Azure Backup Center Brings Unified Admin Experience for Management at Scale
A public preview of Azure Backup Center was announced at this year’s Microsoft Ignite conference, a virtual event that took place on September 22nd to 24th. The new Backup Center provides admins with a single pane of glass for managing backup of Azure resources at scale. It provides a unified tool for exploring backup inventories that are distributed across backup vaults, Azure subscriptions, locations, and tenants. Microsoft says about Backup Center:
Azure Backup has enabled a new native central management capability to manage your entire Backup estate from a single pane of glass. Backup Center provides you with the capability to monitor, operate, govern, and optimize data protection at scale in a unified manner consistent with core Azure native management paradigms.
At the time of writing, Azure Backup Center supports triggering actions for the following workloads:
- Azure Virtual Machines
- SQL in Azure Virtual Machines
- Azure Database for PostgreSQL servers
- Azure Files
Define and track governance with deep integration with Azure policies
There’s also the ability to define and track governance; including deep integration with Azure policies, letting IT ensure governance by providing policy definitions that apply to backup jobs.
Say Goodbye to Traditional PC Lifecycle Management
Traditional IT tools, including Microsoft SCCM, Ghost Solution Suite, and KACE, often require considerable custom configurations by T3 technicians (an expensive and often elusive IT resource) to enable management of a hybrid onsite + remote workforce. In many cases, even with the best resources, organizations are finding that these on-premise tools simply cannot support remote endpoints consistently and reliably due to infrastructure limitations.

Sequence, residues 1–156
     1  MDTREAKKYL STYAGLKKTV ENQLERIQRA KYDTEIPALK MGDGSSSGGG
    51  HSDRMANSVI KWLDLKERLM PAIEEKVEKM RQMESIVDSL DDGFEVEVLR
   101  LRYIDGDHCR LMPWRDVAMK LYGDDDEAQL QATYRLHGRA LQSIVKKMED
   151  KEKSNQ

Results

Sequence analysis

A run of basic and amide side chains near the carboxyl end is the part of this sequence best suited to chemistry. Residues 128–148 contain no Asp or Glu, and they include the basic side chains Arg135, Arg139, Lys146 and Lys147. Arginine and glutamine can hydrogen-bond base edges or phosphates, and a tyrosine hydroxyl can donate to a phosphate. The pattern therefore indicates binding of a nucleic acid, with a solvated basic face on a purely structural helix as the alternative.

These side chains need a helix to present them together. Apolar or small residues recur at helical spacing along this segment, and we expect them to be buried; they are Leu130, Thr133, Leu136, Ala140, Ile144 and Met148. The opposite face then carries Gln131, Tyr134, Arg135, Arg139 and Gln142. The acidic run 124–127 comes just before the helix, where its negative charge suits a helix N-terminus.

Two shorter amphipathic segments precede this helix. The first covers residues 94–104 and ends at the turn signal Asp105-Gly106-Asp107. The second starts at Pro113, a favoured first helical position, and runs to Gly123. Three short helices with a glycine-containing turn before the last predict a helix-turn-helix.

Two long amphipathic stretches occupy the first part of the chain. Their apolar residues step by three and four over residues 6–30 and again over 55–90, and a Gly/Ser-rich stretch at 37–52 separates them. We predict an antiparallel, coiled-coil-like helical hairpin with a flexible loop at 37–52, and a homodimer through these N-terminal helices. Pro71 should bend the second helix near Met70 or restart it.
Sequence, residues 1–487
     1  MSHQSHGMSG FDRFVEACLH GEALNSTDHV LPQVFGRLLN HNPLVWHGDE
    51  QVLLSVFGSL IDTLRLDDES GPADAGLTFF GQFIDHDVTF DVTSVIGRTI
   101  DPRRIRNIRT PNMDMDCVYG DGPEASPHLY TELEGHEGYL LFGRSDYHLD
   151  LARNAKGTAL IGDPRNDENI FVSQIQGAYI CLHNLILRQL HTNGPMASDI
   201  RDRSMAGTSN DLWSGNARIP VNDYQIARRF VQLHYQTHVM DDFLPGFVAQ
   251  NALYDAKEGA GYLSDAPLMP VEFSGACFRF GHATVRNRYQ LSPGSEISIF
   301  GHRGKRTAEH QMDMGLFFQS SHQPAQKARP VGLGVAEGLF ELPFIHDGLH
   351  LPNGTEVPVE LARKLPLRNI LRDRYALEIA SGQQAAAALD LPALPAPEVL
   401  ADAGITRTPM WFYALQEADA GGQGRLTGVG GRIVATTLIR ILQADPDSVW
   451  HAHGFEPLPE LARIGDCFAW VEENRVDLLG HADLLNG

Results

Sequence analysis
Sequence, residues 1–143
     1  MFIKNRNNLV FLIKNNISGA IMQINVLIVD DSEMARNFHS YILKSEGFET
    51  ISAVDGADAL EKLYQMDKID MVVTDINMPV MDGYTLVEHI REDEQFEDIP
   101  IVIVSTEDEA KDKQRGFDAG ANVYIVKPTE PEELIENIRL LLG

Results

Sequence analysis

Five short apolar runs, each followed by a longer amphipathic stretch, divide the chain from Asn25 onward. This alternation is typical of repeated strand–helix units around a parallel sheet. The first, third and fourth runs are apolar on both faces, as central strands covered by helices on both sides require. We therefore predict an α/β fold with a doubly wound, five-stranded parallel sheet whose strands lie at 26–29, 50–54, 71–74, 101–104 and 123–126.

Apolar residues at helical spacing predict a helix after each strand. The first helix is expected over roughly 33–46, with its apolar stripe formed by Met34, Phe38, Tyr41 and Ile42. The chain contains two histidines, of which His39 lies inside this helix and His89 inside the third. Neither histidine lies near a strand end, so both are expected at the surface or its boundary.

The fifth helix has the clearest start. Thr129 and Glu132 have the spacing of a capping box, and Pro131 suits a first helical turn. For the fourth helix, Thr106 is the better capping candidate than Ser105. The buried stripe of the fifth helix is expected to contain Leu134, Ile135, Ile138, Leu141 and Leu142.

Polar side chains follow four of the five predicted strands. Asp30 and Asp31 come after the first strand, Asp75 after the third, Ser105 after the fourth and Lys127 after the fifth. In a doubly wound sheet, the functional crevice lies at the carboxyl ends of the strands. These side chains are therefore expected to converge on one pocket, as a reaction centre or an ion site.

Azure Backup now extends Cross Region Restore of Azure virtual machines (VM) to include support for SQL and SAP HANA backups. Cross Region Restore lets IT organizations restore backup data in secondary regions when a primary region is unavailable. Or at any time for audit and compliance purposes.
Azure Resource Mover, which was also announced at Ignite this year, lets customers easily move Azure resources across regions. You can find out more about Resource Mover on Petri here.
Azure Backup supports on-premises workloads
Azure Backup might have been born in the cloud, but it also supports backing up on-premises workloads using software agents (MARS). Although MARS doesn’t support Linux machines. Additionally, you can back up on-premises machines to Azure Backup Server (MABS), or System Center Data Protection Manager (DPM), and then back up the backup server to an Azure Recovery Services vault.
For more information on installing the MARS agent on Windows and configuring backup jobs to Azure, check out Microsoft’s website here.
Azure Backup provides scale and flexibility
If you haven’t looked into cloud backup, Azure Backup provides scale and flexibility for your disaster recovery needs. Plus, Microsoft doesn’t charge for inbound or outbound data transfer, or limit the amount of data that you can transfer. Data is secured in transit and at rest.
You can use Azure backup to provide app-consistent backups, where all the data necessary to restore an app to a working state is including in the backup set. If you need to backup on-premises Linux machines, take a look at using Azure Backup Server or Data Protection Manager.
Organizations can choose which data is backed up to the cloud and which must remain on-premises. Data in the cloud can be stored using locally redundant, geo-redundant, or zone-redundant storage. Geo-redundant storage (GRS) is the default and recommended storage option. It replicates data to a secondary region for better data durability, even in the case of a regional outage.